Walton County Environmental Manager Billy McKee began the recent NRDA prooject worshop by discussing the previous week’s announcement that Walton County’s number-three-ranked proposal for artificial reefs had been selected for funding through a combined package with other counties.
The counties are Walton, Escambia, Santa Rosa, Bay and Franklin, and the projects will total $11.4 million. McKee said he was awaiting more information on the project package.
In all, NRDA early restoration funding was announced for approximately $58 million in projects statewide.
In addition to the funding for artificial reefs, Walton County is to share in $3 million in funding for enhancement and re-creation of scallop fishing opportunities throughout the Panhandle.
McKee told county commissioners and workshop attendees that, with the projects just announced, $69 million of Florida’s original $100 million for early restoration projects had been “spoken for.”
He suggested a look at projects six through 12 on the county’s list of proposed NRDA projects, since those had not yet been ranked by the commissioners.
District 4 Commissioner Sara Comander discussed moving up one of those projects, Walton County’s Habitat Conservation Plan (HCP), which provides protection for endangered and threatened species along the coast. With the Wildlife Lighting Ordinance as its centerpiece, the HCP was developed in response to regulatory authorities’ concerns about the impact of seawalls permitted by the BCC during the emergency period following Hurricane Dennis. McKee estimated that the HCP could be fully implemented at a cost of approximately $3 million.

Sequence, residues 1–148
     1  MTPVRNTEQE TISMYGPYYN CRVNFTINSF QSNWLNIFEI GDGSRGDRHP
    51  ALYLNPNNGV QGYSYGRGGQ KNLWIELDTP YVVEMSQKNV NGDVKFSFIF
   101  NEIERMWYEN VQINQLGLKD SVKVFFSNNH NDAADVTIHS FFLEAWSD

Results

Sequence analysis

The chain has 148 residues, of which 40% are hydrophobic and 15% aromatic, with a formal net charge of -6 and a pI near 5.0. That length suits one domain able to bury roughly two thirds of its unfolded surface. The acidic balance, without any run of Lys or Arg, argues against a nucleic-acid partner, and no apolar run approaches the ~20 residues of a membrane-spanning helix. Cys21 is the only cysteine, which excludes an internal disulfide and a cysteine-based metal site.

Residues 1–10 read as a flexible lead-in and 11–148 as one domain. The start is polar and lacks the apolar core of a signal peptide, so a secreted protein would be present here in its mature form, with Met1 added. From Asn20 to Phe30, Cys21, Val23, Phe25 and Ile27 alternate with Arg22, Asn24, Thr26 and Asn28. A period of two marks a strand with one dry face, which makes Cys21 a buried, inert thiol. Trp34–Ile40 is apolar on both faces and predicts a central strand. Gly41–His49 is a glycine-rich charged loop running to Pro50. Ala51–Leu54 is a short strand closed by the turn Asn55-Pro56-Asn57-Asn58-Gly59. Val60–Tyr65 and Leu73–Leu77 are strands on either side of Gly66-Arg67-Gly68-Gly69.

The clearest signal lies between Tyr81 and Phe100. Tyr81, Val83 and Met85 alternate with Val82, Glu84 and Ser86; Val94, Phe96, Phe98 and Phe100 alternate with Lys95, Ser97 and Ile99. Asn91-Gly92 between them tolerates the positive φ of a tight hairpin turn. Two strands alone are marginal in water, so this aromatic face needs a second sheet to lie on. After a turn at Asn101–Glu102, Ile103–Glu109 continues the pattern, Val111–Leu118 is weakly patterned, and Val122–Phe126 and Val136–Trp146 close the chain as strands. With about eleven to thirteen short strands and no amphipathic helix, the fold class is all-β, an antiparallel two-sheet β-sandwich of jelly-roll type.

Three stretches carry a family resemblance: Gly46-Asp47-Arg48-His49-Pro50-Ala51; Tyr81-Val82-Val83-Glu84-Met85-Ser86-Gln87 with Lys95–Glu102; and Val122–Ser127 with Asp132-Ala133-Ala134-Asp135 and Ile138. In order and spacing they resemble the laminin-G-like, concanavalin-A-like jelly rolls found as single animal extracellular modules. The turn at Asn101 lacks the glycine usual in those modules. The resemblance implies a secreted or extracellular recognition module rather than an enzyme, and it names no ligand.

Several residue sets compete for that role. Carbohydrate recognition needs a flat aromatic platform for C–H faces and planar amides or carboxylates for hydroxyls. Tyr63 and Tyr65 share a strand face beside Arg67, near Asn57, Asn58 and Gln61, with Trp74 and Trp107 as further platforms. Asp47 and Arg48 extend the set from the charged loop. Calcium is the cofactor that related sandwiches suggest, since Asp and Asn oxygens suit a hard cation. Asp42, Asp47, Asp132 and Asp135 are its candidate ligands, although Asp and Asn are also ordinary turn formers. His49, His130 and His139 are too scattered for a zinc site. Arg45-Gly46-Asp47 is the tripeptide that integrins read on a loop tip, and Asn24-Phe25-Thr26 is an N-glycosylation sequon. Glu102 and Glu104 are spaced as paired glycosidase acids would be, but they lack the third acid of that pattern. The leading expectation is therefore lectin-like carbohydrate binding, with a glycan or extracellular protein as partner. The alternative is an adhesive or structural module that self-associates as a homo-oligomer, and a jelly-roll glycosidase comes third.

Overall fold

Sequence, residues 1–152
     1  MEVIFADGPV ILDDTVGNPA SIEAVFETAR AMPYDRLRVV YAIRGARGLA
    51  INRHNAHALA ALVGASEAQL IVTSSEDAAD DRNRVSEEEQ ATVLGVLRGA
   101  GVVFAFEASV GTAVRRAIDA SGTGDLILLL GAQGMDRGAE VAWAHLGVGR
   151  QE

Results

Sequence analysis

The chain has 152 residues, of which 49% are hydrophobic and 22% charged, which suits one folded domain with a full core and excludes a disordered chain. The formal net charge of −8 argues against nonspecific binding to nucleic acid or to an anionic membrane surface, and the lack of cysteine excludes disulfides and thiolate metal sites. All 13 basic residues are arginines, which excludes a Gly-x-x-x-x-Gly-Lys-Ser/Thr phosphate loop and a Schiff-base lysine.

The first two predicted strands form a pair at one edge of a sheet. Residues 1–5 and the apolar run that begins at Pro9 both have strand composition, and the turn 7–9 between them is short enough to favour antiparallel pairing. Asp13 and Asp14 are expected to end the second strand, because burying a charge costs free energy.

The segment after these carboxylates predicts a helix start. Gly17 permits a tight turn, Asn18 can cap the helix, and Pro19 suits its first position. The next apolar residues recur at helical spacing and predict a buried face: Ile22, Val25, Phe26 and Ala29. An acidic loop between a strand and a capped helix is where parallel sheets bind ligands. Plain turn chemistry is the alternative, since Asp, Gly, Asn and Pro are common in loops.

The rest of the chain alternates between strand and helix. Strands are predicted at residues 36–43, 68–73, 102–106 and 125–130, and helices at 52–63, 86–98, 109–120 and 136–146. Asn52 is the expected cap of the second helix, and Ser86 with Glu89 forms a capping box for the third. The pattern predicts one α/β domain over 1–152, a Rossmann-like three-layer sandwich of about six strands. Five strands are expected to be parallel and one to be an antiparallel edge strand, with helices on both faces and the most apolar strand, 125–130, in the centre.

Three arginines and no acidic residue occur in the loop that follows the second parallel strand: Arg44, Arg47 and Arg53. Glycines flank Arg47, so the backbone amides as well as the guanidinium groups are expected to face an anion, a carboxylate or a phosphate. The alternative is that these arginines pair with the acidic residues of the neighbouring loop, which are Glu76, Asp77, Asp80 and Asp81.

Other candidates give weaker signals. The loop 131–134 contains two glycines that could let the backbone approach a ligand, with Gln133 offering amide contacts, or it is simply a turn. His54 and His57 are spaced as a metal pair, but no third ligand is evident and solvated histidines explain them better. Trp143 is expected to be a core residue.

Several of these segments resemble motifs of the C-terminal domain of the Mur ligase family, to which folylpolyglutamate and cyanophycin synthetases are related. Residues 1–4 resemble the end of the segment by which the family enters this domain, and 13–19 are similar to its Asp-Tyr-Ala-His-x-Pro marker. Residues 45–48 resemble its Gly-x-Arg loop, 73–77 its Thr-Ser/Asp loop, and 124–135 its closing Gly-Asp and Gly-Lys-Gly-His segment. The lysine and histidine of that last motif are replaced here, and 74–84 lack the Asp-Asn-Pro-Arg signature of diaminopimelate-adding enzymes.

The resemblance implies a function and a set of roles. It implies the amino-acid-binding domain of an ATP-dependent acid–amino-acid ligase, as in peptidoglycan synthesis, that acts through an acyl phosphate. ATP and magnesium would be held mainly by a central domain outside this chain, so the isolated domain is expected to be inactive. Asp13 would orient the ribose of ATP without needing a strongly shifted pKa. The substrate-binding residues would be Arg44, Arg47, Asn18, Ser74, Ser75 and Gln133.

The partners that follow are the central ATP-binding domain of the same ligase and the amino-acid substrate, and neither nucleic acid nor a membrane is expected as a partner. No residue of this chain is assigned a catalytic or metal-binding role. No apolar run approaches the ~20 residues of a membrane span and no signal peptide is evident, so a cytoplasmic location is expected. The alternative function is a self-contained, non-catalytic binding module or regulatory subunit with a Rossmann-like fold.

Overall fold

District 3 Commissioner Bill Imfeld asked McKee if he thought BP paid attention to how Walton County ranked or prioritized projects on their list.
“Probably not,” McKee responded.
Representing the South Walton Community Council (SWCC), Anita Page expressed concern about a “noticeable decline” in observable species in the vicinity of the coastal dune lakes. Since the county is promoting a number of projects involving the dune lakes, she suggested the addition of a species inventory. Page suggested a “watershed approach,” with the county meeting with other stakeholders with regard to the lakes.